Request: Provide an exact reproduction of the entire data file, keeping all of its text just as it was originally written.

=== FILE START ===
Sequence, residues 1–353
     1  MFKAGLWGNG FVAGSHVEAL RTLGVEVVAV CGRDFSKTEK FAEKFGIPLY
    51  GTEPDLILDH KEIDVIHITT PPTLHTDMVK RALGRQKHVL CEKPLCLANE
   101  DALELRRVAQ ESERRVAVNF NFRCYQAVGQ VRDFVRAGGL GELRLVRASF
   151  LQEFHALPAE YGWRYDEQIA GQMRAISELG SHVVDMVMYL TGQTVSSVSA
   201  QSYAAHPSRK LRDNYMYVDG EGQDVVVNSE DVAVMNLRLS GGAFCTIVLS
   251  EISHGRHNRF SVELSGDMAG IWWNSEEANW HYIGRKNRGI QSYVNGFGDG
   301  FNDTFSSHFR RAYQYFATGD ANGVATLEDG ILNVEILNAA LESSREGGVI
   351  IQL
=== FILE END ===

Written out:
Sequence, residues 1–353
     1  MFKAGLWGNG FVAGSHVEAL RTLGVEVVAV CGRDFSKTEK FAEKFGIPLY
    51  GTEPDLILDH KEIDVIHITT PPTLHTDMVK RALGRQKHVL CEKPLCLANE
   101  DALELRRVAQ ESERRVAVNF NFRCYQAVGQ VRDFVRAGGL GELRLVRASF
   151  LQEFHALPAE YGWRYDEQIA GQMRAISELG SHVVDMVMYL TGQTVSSVSA
   201  QSYAAHPSRK LRDNYMYVDG EGQDVVVNSE DVAVMNLRLS GGAFCTIVLS
   251  EISHGRHNRF SVELSGDMAG IWWNSEEANW HYIGRKNRGI QSYVNGFGDG
   301  FNDTFSSHFR RAYQYFATGD ANGVATLEDG ILNVEILNAA LESSREGGVI
   351  IQL